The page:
Israeli Labor Party to Pick Netanyahu Opponent in Primary Runoff

  • Peretz, Gabbay square off in contest to elect Labor chairman
  • Labor tries makeover with two candidates of Moroccan ancestry

Israeli Labor Party members went to the polls Monday for a runoff election between two candidates hoping to unseat Prime Minister Benjamin Netanyahu and return the country’s founding movement to power.

Amir Peretz, a former defense minister and labor federation head, is going head to head against Avi Gabbay, ex-chief executive officer of Israel’s biggest telecommunications company, Bezeq The Israeli Telecommunication Corp., for the chance to head Labor’s slate in the next national election, scheduled for November 2019. Commentators have given Peretz the edge.

Peretz drew 33 percent of the votes cast July 4 among seven candidates in Labor’s first round, followed by Gabbay with 27 percent. Incumbent Isaac Herzog came third with 17 percent, losing his post as party chairman. A Channel 2 poll immediately after that vote showed a bleak outcome for the party in a national election no matter who would head it: Netanyahu’s Likud would win nearly twice the number of parliamentary seats as Labor, positioning the incumbent prime minister -- who’s served longer than any other Israeli leader besides founding father David Ben-Gurion -- to head the government.

Other Rivals

Outside of Labor, Netanyahu’s other likely opponents include Finance Minister Moshe Kahlon of the Kulanu party and Yair Lapid, a former journalist who founded the opposition Yesh Atid party and served as finance minister in Netanyahu’s previous government. Education Minister Naftali Bennett, an opponent of Palestinian statehood, also has voiced leadership aspirations.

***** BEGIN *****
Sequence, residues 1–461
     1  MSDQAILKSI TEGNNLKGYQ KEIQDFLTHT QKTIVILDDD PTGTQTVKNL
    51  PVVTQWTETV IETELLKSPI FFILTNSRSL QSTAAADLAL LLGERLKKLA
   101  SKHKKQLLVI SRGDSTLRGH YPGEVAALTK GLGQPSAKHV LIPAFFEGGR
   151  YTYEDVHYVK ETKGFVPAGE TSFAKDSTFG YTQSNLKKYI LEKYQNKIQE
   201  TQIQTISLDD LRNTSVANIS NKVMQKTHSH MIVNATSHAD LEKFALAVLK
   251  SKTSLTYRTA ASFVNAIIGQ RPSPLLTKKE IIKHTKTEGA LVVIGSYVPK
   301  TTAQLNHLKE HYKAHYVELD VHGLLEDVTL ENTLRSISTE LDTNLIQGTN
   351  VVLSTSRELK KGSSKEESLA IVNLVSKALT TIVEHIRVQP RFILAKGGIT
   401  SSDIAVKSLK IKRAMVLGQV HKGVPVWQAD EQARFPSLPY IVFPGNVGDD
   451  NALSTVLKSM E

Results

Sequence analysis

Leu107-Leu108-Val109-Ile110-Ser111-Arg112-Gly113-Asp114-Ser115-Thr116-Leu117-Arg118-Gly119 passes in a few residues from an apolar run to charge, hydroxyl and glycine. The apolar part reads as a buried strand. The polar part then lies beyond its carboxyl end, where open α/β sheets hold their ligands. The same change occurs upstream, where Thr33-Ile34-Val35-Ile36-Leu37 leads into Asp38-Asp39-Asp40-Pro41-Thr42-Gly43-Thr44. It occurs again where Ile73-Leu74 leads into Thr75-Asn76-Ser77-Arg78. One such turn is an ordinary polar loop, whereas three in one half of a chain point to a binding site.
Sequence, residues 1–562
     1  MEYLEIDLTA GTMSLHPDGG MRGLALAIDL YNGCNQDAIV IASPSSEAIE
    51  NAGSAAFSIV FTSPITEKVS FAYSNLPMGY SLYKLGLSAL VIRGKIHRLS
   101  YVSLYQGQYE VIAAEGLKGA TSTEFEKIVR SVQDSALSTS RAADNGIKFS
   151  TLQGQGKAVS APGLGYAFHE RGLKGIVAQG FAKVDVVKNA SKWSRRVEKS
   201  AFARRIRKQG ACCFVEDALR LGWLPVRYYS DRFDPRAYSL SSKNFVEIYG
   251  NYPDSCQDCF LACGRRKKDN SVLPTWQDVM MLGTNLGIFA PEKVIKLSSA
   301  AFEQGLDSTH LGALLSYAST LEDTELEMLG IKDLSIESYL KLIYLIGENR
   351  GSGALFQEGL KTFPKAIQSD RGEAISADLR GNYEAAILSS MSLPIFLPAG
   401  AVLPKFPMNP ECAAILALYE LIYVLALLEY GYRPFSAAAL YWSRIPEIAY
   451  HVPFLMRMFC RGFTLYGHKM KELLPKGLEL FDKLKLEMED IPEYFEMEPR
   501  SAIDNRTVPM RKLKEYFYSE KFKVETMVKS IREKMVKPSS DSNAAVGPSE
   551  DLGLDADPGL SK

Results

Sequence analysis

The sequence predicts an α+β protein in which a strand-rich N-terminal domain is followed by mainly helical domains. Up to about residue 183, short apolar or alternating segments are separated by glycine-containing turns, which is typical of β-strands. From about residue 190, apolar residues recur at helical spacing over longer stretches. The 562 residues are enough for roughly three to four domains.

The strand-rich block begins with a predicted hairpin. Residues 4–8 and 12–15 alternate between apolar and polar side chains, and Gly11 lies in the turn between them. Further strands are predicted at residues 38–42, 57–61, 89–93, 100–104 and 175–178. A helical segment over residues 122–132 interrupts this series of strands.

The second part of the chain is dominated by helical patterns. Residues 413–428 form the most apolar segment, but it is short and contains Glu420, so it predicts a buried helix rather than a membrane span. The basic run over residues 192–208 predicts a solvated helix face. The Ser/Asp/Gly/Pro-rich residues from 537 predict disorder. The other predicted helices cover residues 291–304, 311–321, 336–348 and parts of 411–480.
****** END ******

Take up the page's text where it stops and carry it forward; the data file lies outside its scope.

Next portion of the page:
This is Peretz’s fourth race to lead Labor, which he headed a decade ago. He guided Labor to second place in 2006 national elections and, in a rare civilian appointment, was named defense minister in former Prime Minister Ehud Olmert’s government. He pushed Israel’s development of the Iron Dome missile defense system that has overwhelmingly reduced the threat of rockets from the Gaza Strip, but his performance in the 2006 Lebanon war was severely criticized by a government commission.

Gabbay, a relative newcomer to politics, was environmental protection minister in Netanyahu’s cabinet from Kahlon’s Kulanu party, but he moved to Labor last year after leaving the government to protest the firing of Defense Minister Moshe Ya’alon. Unlike Peretz, he is not a member of parliament and has no longstanding political following, but offers a new face and business credentials to a party seen by critics as stuck in the past.

Labor’s roots stretch back well before Israel’s founding in 1948. It led the country to independence on a socialist platform and its leaders, of European descent, dominated its politics for three decades. Its iconic figures include Ben-Gurion; Shimon Peres, the architect of Israel’s defense establishment who later became its leading advocate for Middle East peacemaking; and Yitzhak Rabin, who steered peace treaties with the Palestinians and Jordan before being assassinated by a Jewish nationalist in 1995.

Elitist Whiff

Over time, Labor came to be seen as elitist and in 1977 it lost power to the conservative Likud Party, which had the support of working-class Israelis of Middle Eastern and North African origin. Likud has governed for most of the 40 years since, and the last Labor premier was Ehud Barak, who was unseated in 2001 after less than two years.

In a sign of how far Labor has moved from its origins, Monday’s race is the first pitting two candidates of Moroccan ancestry. Peretz immigrated from Morocco as a child and got his start in politics as mayor of Sderot, a hardscrabble southern town that’s a frequent target of Palestinian rocket attacks. Gabbay was born in Jerusalem to parents who also arrived from Morocco, but hasn’t placed his ancestry at the center of the campaign.

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